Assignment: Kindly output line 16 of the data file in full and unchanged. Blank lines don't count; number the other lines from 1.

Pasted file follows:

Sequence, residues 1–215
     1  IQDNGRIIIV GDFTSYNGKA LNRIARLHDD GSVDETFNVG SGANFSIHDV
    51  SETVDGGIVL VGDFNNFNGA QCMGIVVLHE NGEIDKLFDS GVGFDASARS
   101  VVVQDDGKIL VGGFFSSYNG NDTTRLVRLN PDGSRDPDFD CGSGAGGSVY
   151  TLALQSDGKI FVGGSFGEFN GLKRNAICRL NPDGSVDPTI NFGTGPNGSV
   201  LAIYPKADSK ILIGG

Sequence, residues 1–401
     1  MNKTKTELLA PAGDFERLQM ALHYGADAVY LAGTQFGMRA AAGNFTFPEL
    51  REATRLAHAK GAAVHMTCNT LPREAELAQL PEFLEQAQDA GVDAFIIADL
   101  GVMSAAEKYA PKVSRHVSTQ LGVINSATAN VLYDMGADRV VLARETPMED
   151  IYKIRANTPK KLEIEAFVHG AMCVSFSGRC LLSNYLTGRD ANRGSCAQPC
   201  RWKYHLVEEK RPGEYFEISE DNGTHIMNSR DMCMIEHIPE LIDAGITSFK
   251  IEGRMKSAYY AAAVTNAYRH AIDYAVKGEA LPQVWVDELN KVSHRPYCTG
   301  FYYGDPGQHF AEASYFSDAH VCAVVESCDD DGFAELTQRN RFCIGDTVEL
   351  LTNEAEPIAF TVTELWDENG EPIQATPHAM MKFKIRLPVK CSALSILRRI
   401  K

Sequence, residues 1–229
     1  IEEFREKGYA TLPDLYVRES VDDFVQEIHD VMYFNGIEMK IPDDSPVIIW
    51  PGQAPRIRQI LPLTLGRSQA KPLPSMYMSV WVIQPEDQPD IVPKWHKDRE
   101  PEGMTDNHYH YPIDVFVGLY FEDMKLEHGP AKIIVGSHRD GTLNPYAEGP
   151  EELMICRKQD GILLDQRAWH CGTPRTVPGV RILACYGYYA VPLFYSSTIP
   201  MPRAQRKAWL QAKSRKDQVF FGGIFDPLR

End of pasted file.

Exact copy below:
   401  K